The coming of a Roman governor to a city presented its rulers, merchants and inhabitants with an opportunity to enhance their position in the governor’s eyes or, conversely, the risk that would inevitably follow from curt or insulting behaviour. A proper welcome could prove to be a financial and judicial advantage to individual citizens as well as city officials; an improper one could have unpredictable and unfavourable results.
Finally, we can be certain Pilate’s reception was highly guarded and protected by Roman infantry and horseman. There were numerous groups and individuals intent on overthrowing the Roman occupation of Jerusalem, and Passover would’ve been a particularly tense time in the city. While many suspect the city had a population of 25,000 people, some estimate nearly 30,000 visitors would descend upon the city during the festival of Passover. As we know so well in our own day, such occasions can prove to be dangerous for political leaders, particularly so when revolutionary sentiments prevail among the inhabitants.
Now let us contrast Jesus’ entry with that of Pilate’s. Despite our popular imagination that all of Jerusalem turned out to see Jesus arrive, the gospels hint that may not have been the case. First of all, Jesus’ entry into Jerusalem lacks the royal grandeur of Pilate’s procession. Jesus simply rides into the city on a donkey, a humble animal unlike that of the mighty horse.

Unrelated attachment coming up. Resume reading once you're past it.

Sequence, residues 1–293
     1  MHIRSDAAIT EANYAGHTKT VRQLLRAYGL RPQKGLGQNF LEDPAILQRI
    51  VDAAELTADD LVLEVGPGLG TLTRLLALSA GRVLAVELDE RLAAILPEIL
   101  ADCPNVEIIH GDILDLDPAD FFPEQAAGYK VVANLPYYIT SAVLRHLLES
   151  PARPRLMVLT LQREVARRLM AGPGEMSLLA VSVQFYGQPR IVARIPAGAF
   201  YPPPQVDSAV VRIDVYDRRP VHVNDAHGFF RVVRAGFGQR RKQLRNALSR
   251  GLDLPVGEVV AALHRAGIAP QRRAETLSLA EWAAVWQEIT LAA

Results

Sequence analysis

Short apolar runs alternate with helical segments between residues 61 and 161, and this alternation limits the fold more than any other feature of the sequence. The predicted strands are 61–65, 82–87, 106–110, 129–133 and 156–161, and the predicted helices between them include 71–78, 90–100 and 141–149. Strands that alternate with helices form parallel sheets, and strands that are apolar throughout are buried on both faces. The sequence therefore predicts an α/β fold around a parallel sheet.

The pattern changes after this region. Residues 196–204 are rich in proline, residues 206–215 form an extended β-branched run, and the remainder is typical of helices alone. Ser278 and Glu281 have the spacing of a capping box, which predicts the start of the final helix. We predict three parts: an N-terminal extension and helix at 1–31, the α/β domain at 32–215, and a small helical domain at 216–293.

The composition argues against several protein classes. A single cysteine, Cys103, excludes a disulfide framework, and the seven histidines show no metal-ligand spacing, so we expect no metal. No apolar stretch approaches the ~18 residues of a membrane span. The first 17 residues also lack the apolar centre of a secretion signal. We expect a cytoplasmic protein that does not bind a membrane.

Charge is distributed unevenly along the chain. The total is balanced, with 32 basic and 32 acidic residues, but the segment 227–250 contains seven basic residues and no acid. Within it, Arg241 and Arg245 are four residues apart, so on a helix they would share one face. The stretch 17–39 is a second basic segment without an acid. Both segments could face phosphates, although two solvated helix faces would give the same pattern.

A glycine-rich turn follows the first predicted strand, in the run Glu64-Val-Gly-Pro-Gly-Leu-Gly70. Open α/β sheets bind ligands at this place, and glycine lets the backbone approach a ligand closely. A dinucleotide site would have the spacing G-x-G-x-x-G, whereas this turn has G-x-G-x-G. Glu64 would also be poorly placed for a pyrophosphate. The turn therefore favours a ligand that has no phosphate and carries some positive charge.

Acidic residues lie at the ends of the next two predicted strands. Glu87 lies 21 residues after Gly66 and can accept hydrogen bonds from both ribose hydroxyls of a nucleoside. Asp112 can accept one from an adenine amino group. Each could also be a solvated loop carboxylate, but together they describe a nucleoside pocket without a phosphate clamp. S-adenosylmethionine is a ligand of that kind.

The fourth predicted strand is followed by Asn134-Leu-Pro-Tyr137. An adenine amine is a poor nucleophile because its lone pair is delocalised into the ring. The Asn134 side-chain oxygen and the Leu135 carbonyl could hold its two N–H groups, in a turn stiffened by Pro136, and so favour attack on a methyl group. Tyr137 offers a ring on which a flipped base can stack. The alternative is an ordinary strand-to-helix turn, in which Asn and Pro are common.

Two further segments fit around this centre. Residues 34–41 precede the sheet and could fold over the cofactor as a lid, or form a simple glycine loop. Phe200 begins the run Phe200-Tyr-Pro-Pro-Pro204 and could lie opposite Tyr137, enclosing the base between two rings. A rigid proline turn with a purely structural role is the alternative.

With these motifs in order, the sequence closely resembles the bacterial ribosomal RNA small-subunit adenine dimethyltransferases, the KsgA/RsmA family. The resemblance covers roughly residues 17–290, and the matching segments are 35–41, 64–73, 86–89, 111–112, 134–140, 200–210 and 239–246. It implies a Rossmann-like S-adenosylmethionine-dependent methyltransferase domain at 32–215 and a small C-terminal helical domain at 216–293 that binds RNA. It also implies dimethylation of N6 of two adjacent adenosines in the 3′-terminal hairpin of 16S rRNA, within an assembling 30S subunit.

This is not to deny Jesus’ entry into Jerusalem wasn’t royal in some way. Certainly the entry has royal overtones, with crowds tossing branches and cloaks on the road before him and lauding him as the one who comes in the name of the Lord. Palm branches carried nationalistic symbolism, reminding people of an earlier revolution in Jerusalem, namely the Maccabean uprising. Furthermore, both acts are celebratory gestures of welcome. Additionally two potential scripture stories allude to this sort of royal welcome: the previously referenced passage from Zechariah and the entry of King Solomon in the first Book of Kings, chapter one. In that story, Solomon, the successor to King David, rides into Jerusalem on a mule amidst a large crowds’ praise.